Asian shares rose sharply on Wednesday while the dollar was on the defensive as easing concerns over the banking sector revived risk appetite, while Alibaba’s stock soared on the internet behemoth’s plans to split into six units.
MSCI’s broadest index of Asia-Pacific shares outside Japan was 0.82% higher, while Japan’s Nikkei advanced 0.49%.
Hong Kong’s Hang Seng index surged over 2%, buoyed by Alibaba after the Chinese e-commerce conglomerate announced its break-up plans. Alibaba’s Hong Kong shares shot up 15%, while the company’s U.S.-listed shares closed 14.3% higher.
The news lifted investor confidence in the wider Chinese tech sector, with shares of Alibaba’s e-commerce rival JD.com Inc 7% higher, and gaming giant Tencent Holdings Ltd jumping 5%.
China’s CSI 300 benchmark edged up 0.4%.
Following weeks of volatility in the market after the unexpected failure of two U.S. banks and the rescue of Credit Suisse in Europe, investor nerves were calmed this week by the sale of assets in collapsed lender Silicon Valley Bank and no new signs of further stresses in the banking system.
“The lack of any substantive developments in the banking backdrop has seen markets relatively calm by the standards of recent weeks,” said Taylor Nugent, an economist at National Australia Bank.
In the first congressional hearing into the collapse of the two U.S. regional lenders, lawmakers pressed the Federal Reserve’s top banking regulator on whether the central bank should have been more aggressive in its oversight of SVB.
Michael Barr, the Fed’s vice chairman for supervision, criticized SVB for going months without a chief risk officer and how it modelled interest rate risk.
“Investors have not completely lost their anxiety … and hints of a big regulatory overhaul are likely to weigh on the sector until details emerge,” said Robert Carnell, regional head of research, Asia Pacific at ING.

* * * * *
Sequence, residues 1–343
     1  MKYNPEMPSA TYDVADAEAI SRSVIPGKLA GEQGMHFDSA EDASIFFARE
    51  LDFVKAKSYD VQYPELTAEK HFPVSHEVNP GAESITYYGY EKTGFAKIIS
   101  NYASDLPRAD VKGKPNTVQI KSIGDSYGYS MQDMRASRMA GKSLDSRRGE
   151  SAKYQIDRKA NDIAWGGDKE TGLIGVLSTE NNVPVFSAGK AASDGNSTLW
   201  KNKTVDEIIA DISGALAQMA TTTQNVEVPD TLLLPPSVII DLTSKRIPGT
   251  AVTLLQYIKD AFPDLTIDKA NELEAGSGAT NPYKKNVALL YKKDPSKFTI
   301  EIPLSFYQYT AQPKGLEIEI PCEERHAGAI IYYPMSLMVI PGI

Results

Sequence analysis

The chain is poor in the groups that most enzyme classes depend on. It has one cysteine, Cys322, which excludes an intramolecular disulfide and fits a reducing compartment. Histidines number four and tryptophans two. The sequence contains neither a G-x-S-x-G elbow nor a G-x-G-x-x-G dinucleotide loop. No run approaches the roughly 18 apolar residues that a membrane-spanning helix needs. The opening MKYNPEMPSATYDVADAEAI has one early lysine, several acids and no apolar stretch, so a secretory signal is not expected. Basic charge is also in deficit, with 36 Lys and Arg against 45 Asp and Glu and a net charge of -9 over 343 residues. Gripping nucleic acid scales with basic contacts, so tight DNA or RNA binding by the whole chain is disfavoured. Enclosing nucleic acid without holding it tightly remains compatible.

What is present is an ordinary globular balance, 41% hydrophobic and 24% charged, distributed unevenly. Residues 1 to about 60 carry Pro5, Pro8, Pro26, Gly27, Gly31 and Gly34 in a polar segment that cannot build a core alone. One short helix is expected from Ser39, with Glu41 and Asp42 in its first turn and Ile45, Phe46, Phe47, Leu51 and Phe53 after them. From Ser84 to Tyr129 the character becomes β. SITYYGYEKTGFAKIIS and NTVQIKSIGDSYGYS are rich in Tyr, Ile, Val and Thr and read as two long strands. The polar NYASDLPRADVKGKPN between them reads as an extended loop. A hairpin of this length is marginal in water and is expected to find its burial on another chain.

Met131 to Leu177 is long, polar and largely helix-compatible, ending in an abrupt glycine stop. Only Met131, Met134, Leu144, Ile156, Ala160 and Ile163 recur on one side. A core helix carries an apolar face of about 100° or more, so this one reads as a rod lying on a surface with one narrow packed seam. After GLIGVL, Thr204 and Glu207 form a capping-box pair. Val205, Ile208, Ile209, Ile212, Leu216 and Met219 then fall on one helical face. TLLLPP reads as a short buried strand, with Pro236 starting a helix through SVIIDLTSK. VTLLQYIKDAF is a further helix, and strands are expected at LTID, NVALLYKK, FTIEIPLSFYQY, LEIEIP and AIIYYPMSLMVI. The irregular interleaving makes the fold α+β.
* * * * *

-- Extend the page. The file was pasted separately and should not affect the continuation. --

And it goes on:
Overnight, a survey showed that U.S. consumer confidence unexpectedly increased in March despite recent financial market turmoil, but Americans continued to expect inflation to remain elevated over the next year.
Worries over inflation have prompted investors to recalculate what they expect the Fed to do in its next meeting in May.
Markets are now pricing in a 51% chance of the Fed standing still on interest rates in its next meeting, down from 60% chance a day earlier, the CME FedWatch tool showed.
In the foreign exchange markets, the dollar index, which measures the U.S. currency against six peers, was mostly flat, having eased 0.3% overnight on improving risk appetite.
The euro was up 0.01% to $1.0844, while sterling was last trading at $1.2334, down 0.05% on the day.
The Japanese yen weakened 0.56% to 131.63 per dollar, after rising 0.5% overnight.
The Australian dollar fell 0.13% to $0.670 after inflation slowed to an eight-month low in February, thanks in part to a sharp retreat in holiday travel and accommodation.
“Together with yesterday’s softish retail sales figures, this will encourage thoughts of a pause from the Reserve Bank of Australia at their next meeting, and potentially that this tightening cycle might now be over,” said ING’s Carnell.
In the commodities market, oil prices gained for third straight day on improving market sentiment and as a halt to some exports from Iraqi Kurdistan raised concerns of tightening supply. U.S. crude rose 0.71% to $73.72 per barrel and Brent was at $79.00, up 0.45% on the day.
Spot gold dropped 0.3% to $1,968.37 an ounce after rising 1% on Tuesday.
Almost 38 million Americans living in povertyAccording to the latest report from the United States Census Bureau, 37.9 million Americans live in poverty, acc
The Ineos billionaire Sir Jim Ratcliffe remains the leading candidate to buy Manchester United Football Club despite an inconclusive board meeting
Miss something this week? Don't panic. CBC's Marketplace rounds up the consumer and health news you need.Want this in your inbox? Get the Marketplace newsl
Hello A-J readers!This week, we saw two businesses close, and a mix of other interesting news articles.With this being the first weekend for several farmers mar